The Courier News from Blytheville, Arkansas on July 12, 1966 · Page 6
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The Courier News from Blytheville, Arkansas · Page 6

Blytheville, Arkansas
Issue Date:
Tuesday, July 12, 1966
Page 6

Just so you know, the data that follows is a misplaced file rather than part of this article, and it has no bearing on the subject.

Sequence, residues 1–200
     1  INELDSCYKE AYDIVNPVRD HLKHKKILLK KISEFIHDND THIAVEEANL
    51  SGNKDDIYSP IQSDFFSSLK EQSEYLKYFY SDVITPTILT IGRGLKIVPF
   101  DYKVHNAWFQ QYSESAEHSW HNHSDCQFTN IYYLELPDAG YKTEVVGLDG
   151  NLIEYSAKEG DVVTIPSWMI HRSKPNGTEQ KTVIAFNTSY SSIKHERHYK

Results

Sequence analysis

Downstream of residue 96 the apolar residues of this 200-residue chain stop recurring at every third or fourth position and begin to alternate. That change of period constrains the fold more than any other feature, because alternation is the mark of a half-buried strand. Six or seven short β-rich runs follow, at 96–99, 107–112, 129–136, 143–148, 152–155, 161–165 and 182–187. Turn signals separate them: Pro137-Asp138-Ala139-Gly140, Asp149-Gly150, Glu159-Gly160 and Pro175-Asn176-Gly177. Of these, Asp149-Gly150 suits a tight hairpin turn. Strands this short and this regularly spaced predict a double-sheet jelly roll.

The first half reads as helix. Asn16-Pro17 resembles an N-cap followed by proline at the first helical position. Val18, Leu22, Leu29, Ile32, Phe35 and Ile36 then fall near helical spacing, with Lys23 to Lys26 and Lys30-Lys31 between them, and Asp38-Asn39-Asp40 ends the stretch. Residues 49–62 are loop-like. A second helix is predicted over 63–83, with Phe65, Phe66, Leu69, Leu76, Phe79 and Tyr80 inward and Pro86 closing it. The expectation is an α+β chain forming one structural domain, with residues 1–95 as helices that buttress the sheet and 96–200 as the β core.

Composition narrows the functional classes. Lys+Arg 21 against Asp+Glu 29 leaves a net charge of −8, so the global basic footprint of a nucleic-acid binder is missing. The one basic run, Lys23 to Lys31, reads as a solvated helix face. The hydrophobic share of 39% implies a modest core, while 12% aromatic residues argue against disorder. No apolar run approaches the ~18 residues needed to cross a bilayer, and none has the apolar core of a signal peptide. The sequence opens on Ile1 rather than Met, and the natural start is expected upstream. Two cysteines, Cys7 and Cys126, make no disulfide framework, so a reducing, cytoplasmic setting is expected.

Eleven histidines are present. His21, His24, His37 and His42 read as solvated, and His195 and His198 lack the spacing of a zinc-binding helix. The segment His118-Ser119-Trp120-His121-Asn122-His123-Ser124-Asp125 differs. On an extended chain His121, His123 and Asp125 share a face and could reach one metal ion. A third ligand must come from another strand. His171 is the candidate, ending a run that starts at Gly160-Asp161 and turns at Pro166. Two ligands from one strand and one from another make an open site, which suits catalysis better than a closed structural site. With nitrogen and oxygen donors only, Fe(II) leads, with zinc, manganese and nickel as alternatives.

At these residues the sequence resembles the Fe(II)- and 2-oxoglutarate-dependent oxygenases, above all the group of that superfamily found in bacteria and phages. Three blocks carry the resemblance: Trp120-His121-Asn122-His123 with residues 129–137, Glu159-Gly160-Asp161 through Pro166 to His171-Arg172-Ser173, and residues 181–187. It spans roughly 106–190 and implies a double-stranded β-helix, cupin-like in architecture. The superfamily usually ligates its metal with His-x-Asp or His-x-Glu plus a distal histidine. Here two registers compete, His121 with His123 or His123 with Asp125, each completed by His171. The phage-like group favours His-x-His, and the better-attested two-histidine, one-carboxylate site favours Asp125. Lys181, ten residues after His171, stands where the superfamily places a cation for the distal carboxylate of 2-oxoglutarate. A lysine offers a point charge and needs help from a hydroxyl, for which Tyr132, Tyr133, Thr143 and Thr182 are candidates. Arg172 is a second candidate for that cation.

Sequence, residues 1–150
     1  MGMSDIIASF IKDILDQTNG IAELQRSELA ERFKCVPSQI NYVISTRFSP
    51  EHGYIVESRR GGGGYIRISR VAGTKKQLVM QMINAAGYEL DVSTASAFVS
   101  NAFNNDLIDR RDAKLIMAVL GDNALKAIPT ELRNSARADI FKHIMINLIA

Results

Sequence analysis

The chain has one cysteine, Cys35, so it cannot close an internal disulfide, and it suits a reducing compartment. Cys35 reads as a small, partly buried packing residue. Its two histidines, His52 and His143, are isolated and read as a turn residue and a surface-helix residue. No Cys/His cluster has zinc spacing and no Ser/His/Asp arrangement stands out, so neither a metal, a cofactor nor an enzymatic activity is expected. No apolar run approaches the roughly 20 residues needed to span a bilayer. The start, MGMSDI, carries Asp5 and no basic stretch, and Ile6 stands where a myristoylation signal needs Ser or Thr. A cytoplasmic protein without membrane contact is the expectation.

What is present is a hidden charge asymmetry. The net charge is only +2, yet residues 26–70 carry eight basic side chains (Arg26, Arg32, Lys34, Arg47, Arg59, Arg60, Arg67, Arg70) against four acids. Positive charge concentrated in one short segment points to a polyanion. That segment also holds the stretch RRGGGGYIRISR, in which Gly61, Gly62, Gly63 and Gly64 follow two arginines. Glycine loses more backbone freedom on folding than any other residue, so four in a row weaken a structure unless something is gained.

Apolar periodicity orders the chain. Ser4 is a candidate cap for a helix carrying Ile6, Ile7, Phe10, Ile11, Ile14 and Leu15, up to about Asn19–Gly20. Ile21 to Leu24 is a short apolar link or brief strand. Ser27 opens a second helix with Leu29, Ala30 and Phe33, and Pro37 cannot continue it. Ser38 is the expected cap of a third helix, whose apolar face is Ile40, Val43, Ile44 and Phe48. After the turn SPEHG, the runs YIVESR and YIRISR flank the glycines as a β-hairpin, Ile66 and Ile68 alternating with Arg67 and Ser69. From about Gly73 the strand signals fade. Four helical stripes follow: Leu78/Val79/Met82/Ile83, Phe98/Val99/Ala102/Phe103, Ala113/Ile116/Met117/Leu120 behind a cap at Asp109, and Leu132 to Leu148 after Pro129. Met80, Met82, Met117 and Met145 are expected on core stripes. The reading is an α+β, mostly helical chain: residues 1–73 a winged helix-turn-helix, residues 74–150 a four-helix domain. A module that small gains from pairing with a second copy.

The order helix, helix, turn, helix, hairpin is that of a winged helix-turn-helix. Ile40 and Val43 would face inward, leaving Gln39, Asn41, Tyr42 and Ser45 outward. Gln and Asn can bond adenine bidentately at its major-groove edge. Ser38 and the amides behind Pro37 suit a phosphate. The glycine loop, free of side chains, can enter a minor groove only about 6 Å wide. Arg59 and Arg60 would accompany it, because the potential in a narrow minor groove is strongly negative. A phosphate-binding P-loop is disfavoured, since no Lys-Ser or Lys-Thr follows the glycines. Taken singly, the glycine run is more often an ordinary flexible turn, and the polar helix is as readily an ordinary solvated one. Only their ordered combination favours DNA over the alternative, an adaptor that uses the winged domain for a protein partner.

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Mr. Bullion--Our Candidate If many Arkansas voters at this stage are confused, it is understand. able. We wonder how many newspaper editors could answer, in 25 seconds or less, "Who are the candidates for lieutenant governor?" or, "List, by position number, the candidates for Supreme Court." About the most help we can offer on lieutenant governor is that Joe Basoi'e was in the office recently and is well met, and Footsie Britt was e. great football player and an even greater war hero. This brief piece is to deal with a .candidate for one of these positions (which might be called a "lesser" position, but which actually is nothing of the sort). He is Bruce Bullion. He is from Little Rock and he is a candidate for Supreme Court Position No. Four. . He is not running against John Fogleman or Howard Cockrill, whom we also commend to you. The only issue in Mr. Bullion's race is a matter of personal qualifications for a seat on the highest court of this state. Mr. Bullion has been engaged in the practice of law 28 years. He at. tended Little Rock Junior College, Washington and Lee and is a graduate of the University of Arkansas Sehool of Law. He's a past president of th« Arkansas Bar Association. He has chaired the Association's executive committee and has served in the usual civic and church capacities a community leader it expected to fill. During World War II, he was a cap. tain and when he departed Okinawa for the United States, clusters of enlisted men were on the beach to bid him farewell. Doubtless this has happened before, but it marked a "first" for many a GI during that war. This incident probably in no way figures in Mr. Bullion's ample qualifications to serve on your Supreme Court, but it does go a long way in telling you what kind of man he is. Remember Bruce Bullion's name July 26. Claiming 'Our' Dorothy We wouldn't know Dorothy Germain if she walked in the front door with a five iron in her hand, but we think it's simply wonderful that her family moved here and that she obviously is one of Amreica's foremost women golfers. This is a windfall for Bly- theviile, a city which had nothing to do with her development as a "prima gojfa." Through a happy circumstance, her father Jack Germain, came to this city about a year ago to become one of the top-echelon executives at Arkansas- Missouri Power Company. While the city and the Ark-Mo service area got a pleasant gentleman and a competent executive, it turns out that it may have received also a budding celebrity. For the better part of two weeks, Miss Germain kept Blytheville's name on the nation's sports pages. First, sh« was co-medalist and eventual winner Of the consolation flight at the Women's Intercollegiate Golf Tournament at Ohio State University and then this past week she won the prestigious Broadmoor Women's InvitationaJ at Colorado Springs. With the National Women's Amateur, these tournaments are the elite of amateur female golf- dom. It would be entirely appropriate if the Chamber of Commerce or the City of Blytheville had a modest luncheon in her honor to recognize the fact that this young lady during her short residence has brought recognition to the to the town unmatched since the days when J. B. Whitworth, the Mosleys et al were running out to Pasadena every January to play in the Rose Bowl for Alabama. Show Beat Dick Kleiner " BIOSATT AND CKOMlfY IN WASHINGTON l Price of China's A-Bomb i- j Is Political Dissention Of OtU Brevity Is The Word Custodians of the national archives in Washington to save filing space, have been campaigning for years to get government letter writers to say it simply and briefly. That's fine, but it will be surprising if the campaign ever succeeds. The common redundancies and superfluities of the language have become too much of a habit. If the reader disbelieves, let him sit down and write a letter. Then let him see how many times he has mentioned "the present incumbent" or the "varied assortments." How often he engages in repetition." Improvement will be obvious if a government bureau ever sends a letter stating: "The answer to your inquiry is 'No.' " A usual form is: "In reply to your Inquiry, we regret to inform you that our answer cannot be in the affirmative." That is, if seven words will do, never use fewer than 18.-Bocky Mount (N.C.) Teye- gram. IT will be unforgivable if we contaminate other plantes with our germs. Can you imagine being a little 2-headed Martian with a bad cold in both of them?—Lynchburg (Va.) News. TRIUMPHANT father to mother watching teen-age son mow the lawn, "I told him I lost the car keys in the grass."-Baltimore Sun. JACOBY ON BRIDGE NORTH (D) 12 *A2 VKIOS 4K9763 #A84 WEST EAST AQ107 AJ8 VAQ732 VJ94 *J8 4AQ104 *QJ7 *K1093 SOUTH 4K96543 V85 452 #652 Hbrth-Soutii vulnerable West North East South 14 Pass 1* Pass 1N.T. Pass 2* Pass Pass Pass Opening lead—#Q The South hand shown yesterday and repeated today was actually held in a duplicate game. This was a pretty strong duplicate game and at eight of the 13 tables South responded one spade and wound up going down one at a two spade contract after North rebid one no-trump passed at two spades. These South players were all Itjcky in their choice of partners. There are some players who might have treated the two spade rebid as forward going and found a further bid witb North's cards, but these Norths respected the two spade call as a sign off and passed. At tb» five tables where South cecttd to pass West reopened tlw iWdJng with one heart. In oe inMMM did North or South find a fnrth»r bid and each table procured a different result. At tin, tables E^st played three oo-traasp. One East waa held to | three when his opponents cashed a heart, two spades and a club. The other trable made an overtrick when South opened a diamond and North played diamonds every time he got in the lead. At another table East made tiie conservative bid of one no- trump after West's heart bit and played it there making three..The other two Easts raised hearts. Both Wests made three odd but one was in game and his North-South opponents were rewarded with a top score Note that all Soufii players who chose to respond came ou with good scores. This doesn' happen all the time. Sometime the pass works out as the win ning decision. By RAY CROMLEY i Washington Correspondent Newspaper Enterprise Assn. WASHINGTON (NEA) Red China's rulers may have Daid a greater price than they magined for their nuclear ex- jlosions. That is, there may be a partial tie-in between Communist China's atom bomb development and tiie political dissension in hat country. The production of these atbm- c blasts was so important to Mao Tse-tung in his psychological • propaganda war for con- ;rol of Asia that he was forced to turn to and lean heavily on scientists who had been trained in the United States, Britain and other free nations of t h e West. His top nuclear scientists were so trained. In file earlier period of the regime, these Western - schooled Chinese scientists, witb their emphasis on facts and their skepticism concerning propaganda, had been mistrusted. Being mistrusted, they had been allowed to work but had from the Russians. His own supply of home • grown and educated scientists did not have young Chinese science students from getting Western thoughts. The Western influence was al- the maturity for imaginative nu- ready so strong by 1958 that clear development. Peking launched a national cam- clear development. So the Red Chinese turned more to Western science. They began teaching their young scientists Engish instead of Russian. They began to study American scientific literature. Scientists from northern European countries were invited to lecture. Students began going to selected Western countries. As the regime sought to build the bomb and rockets and to train a new generation of scientists, it finally had to rely upon the outstanding Western- trained scientists — men from Massachusetts Institute of Tech- paign in the colleges and universities against the bourgeois viewpoint. The atomic work was done under the Western influence. The successful nuclear explosion's were exploited to the full by the Peking government. It was impossible to completely discredit the men who made them possible. » » « The new knowledge of t h e power of science and of nuclear weapons has created among some knowledgeable Chinese a deeper understanding of the HOLLYWOOD (NEA) Jtck Valtnti, President John•on's former aid* who Is the new president Of the Motion Picture Association of America, made his first visit to Hollywood sine* his appointment. At a press conference, he impressed the Hollywood reporters with his wit and ability to turn a neat phrase. But some of us were troubled by his announced determination to make his home and office in Washington. He said, in fact, that that was one of his demands before he accepted the job. Since Uiere is very little motion picture production in Washington, Valenti is obviously an absentee president. It makes as much sense for the movie industry to have a president living in Washington as it woud if President Johnson decided to live in Hollywood. Questioned about the MPAA code and the morality of films Valenti revealed a witty liberal ism. "Morality," he said, "is i wide and variable phrase. Al tastes are different. Maybe ev eryone doesn't want to read The Bflbbsey Twins. Maybe some of them want to read Kafka's "The Trial.' Legends grow up around Hoi lywoed stars and often fcey are wrong. One such — which I al ways accepted as true — wa the story that Barbara Stan wyck went to Erasmus H a 1 High School in Brooklyn. When I was an Erasmus student, i was considered fact that Mis Stanwyck was one of our mos distinguished alumni. Barbara says that she didn' — in fact, she never went tc high school at all. She went tc work right after graduating from grammar school. "But that legend got aroum so much," she says, "that ther is even a plaque in Erasmu saying I went there. And I'v had people come up and intro duce themselves and say, 'I wa in your class at Erasmus.' Am I'll say, 'Oh, how was I?'" nology, California Institute of (power of Western industry Technology, H a r v a r d, Cam-j arms and production methods bridge, the University of Cali- 1 ""'" ; " *"" fornia, Liverpool University, Edinburgh, Tokyo Imperial University, Berlin, Toronto University. * * * Their teaching and research meftods were Western • oriented. Chinese officials complained they had a pro-West and pro- American mentality which In- been kept, so far as possible, tensive political indoctrination from positions of influence and authority. But Mao had to have the bomb. He was not getting help was unable to destroy. With Western - trained scientists doing the instructing it was impossibe to prevent the This is creating dissatisfaction with Mao's insistence that party doctrine is fact in the fields of science, industry, technology, government and military matters. These men see Red China slipping further behind the West. They see file country ruled by men whose technical thinking and knowledge is low and whose understanding of the West Is slight and fantastically twisted. Their ideas are rubbing off on others. June Haver MacMurray Fred's charming wife, is re covering after a two-year hattl with hepatitis. But she still ha to take it easy and that's diff cult for an active person lik June ... Max Baer, getting ou fitted for his role in "The Lon Ride Home," required 5 ] A yarc of material for his costume — yard more than the average ai tor ... Don Rickles will do mock (at least let's hope it ! Blytheville (Ark.) Courier New Tuesday, uJly 12, 1966 Page Six « IKt by NU, IK. I "Mr. GoWwofer soys if fce'rf fiovt known you were going to b:mb Horth Viet Ham, he'd hare Yeted tar HIMSELFl" Q — In a recent column you recommended sodium hypo- chlorite solution to remove a sweaty odor from clothing. What strength should be used? A _ If you use a household hypochlorite such as Clorox, one teaspoon to a gallon of water is the recommended concentration. Observe the warnings about fabrics tivst can't be treated in this way. Some authorities believe that thorough washing with a detergent follow, ed by rinsing in plain water is just as effective. Q — Five different doctors have said I have a nervous stomach. Is this serious? What treatment would you recommend? A — A nervous stomach or gastric neurosis may be due to different causes. Some emotional difficulty, such as financial worries, an unhappy home life, an unsympathetic boss or anxieties that started in childhood, is usually the underlying cause. The condition is not serious but may be very hard to get rid of. For this reason your doctor may want to reassure you, give you gome fatherly advice about rearranging your life, and prescribe medicines to calm your nerves and relieve your slomacii »ymploms, Written for Newspaper Enterprise Association Jy Wayne G. Brandstadt, M.D. Q _ My husband was hospitalized for several weeks with "antral gastritis and prolapsed stomach." Aside from giving him a bland diet what can we do to prevent a recurrence? A — Antral gastritis is an Inflammation of the stomach at its antral or lower end. A prolapsed or so-called fallen stomach is a normal finding in a tall thin person and has no clinical significance. Once the gastritis is cured, thorough chewing of one's food and relaxed peaceful surroundings at mealtime are more important than a strictly bland diet. Q — Is it necessary to have surgery for hemorrhoids that bleed occasionally? Could the bleeding be a symptom of caner? A — Keeping the stools soft is usuaty caused by an infection. Pyylorospasm is a spasmodic contraction of the outlet of the stomach that is usually congenital. It may cause the stomach to empty more slowly than normal. Please send your questions and comments to Wayne G. Brandstadt, M.D., in care of this paper. While Dr. Brand stadt cannot answer individual letters he will answer letters of general interest in future col umns. will help bleeding prevent piles from but most bleeding piles must eventually be removed. This is the only sure cure. Since bleeding from the rectum is also a symptom of cancer, your doctor should determine the source of the blood. Q - My diagnosis when I «me out of the hospital was chronic cholecystitis with pylo- rospasm. What does this mean? A — Cholecystitis is inflammation of the gall bliddtr and THE BLYTBEmtS COURIER NEWS THE COURIER NEWS CO. H. W. HAINES. PUBLISHER HARRY A. HAINES Assistant Publisher-Editor PAUL D. HUMAN Advertising Manuel Sole NUIonal Advertiiint Representative Wallace Witmer Co. New Vork, Chicito, Detroit. Atlanta, Memphis Second-class postage paid at Blytheville, Ark. Member of the Associated Prtsi SUBSCRIPTION KATES By carrier In trie city of Blytheville or an; suburban town wbtn carrier service Is maintained 3Sc par week. ?1.50 per month. R; mail within a radius of M miles. $8.00 per year. IS.OO for sin months, $3.00 for three months, by mail, outside 50 mile radius 511.00 per year payable in advance. Mall subscriptions are not accepted In towns and cltlei where Th« Courier News carrier Mirlci II maintain^. Mall iubicrlptlon« an payapl: Jn tdvann. NOTE: The Courier Ntwi no reiponslDlllty far photOfr»p»i manuscripts, en«ravlr,j« or mitl left with It for poulblt publication mock) striptease in "E B t e r Laughing" . • • Adam West says laying Batman will be fun "as ong as the writing holds up." Luciana Paluzzi, the lexy eavy in "Thunderball," gays nere's nothing better for a irl's career these days than ne of the James Bond movies. _,uciana says that Honor Blackman, after her "Goldfinger" omp, went from $25,000 to 100,000 a picture. And Luciana says better parts result, as well as more money.. "I used to get five scripts a year to read," she says. "Now get 25. When you have mote scripts to choose from, you can rick better parts." Dreams come true, sometimes but maybe they're not as dreamy as they should be. "All my life," says John Davidson," I've dreamed of hav- ng my own variety show on ;elevision. But now I don't know. ; have it, but it's so much more work than I ever imagined." There may be one good result of rock 'n' roll after all. Tommy Leonetti says today's music has cut the racketeers out of the picture. If you remember, Tommy's name came up in the '60 Senate racket investigation, in connection with his management at that time. Today, he's handled jy one of the best in the busines Dick Linke, who manages Andy Griffith and Jim Nabors. But Tommy knows from sad experience about the influence of Ihe rackets on music. ' "There is little or no connection between the rackets and music today," he says. "It flourished mostly when singers could be made overnight by the right night club exposure and a racketeer could buy the right night club exposure. "But, in the music market today night club exposure is unimportant. What makes a singer today are records and radio exposure, and they're hard for racketeers to buy. I don't think there's a contemporary singer today who is racket-controlled." Tommys own clean-cut career is coming along. He's recording for RCA these days, appearing at top clubs,d o 1 n g some television work and acting. He appeared frequently on Jim Nabors' Corner Pyle series and he hopes to do more this coming season. Happily, Tommy believes that the era of good singers singing good songs is coming back, and he believes there are many good lasting tunes coming out of this rock 'n' roll era songs like "Yesterday" and "Michelle, for example. Its only the racketeers whl long for the good old days. The Planets Answer *o Previous Puzzle ACROSS 1 Important planet 6 Remotest known planet 11 Bugged crests of mountains 13 Expunger 14 Taciturn 15 Distribute, cards anew 16 Lampreys 17 Possessive plural pronoun 19 Gaelic 20 OJ certain Peruvian Indians 22 Treat with nitric acid 26 Masculine appellation 27 Number 30 Pleasant smell 31 Versus (ab.) 32 Bear constellation 33 Fourth planet from sun 34 French article 35 Together 36 Abstract being 37 Through 38 Explains (dial.) 39 lets 41 Awry (dial.) 44 Church seat 45 Meat skewer 49 Pompous show 51 Feminine name 53 Nullified 54 Sixth major planet 55 Intelligence 56 Recover with turf DOWN I&IMIO KIE IT KM i |N[A 9 Afternoon faultfinding social events 32 Caucho 10 Shield bearing 34 Jumped 12 Greek portico 35 Art (Latin) 13 Mistakes 37 Hebrew lett« 18 The cosmos 39 Conducts 20 Green vegetable 40 Female sheep 1 Flower holder 21 Rough lava (pi.) 2 Great Lake (Hawaii) 41 Mimics 3 Feminine 22 Appellation appellation 23 Persia 4Shoshoncans 24 Craggy hills 5 Oriental 25 Rooms (ab.) currency 27 Path (dial.) 8 Priority (prefix) 28 Anglo-Saxon 7 Burdened theow 8 Employer 29 Annoys by 42 Strong wind 43 Ireland 45 Glut 46 Papal name 47 Nested boxes 48 Minister to 50 Scottish stream 52 Gibbon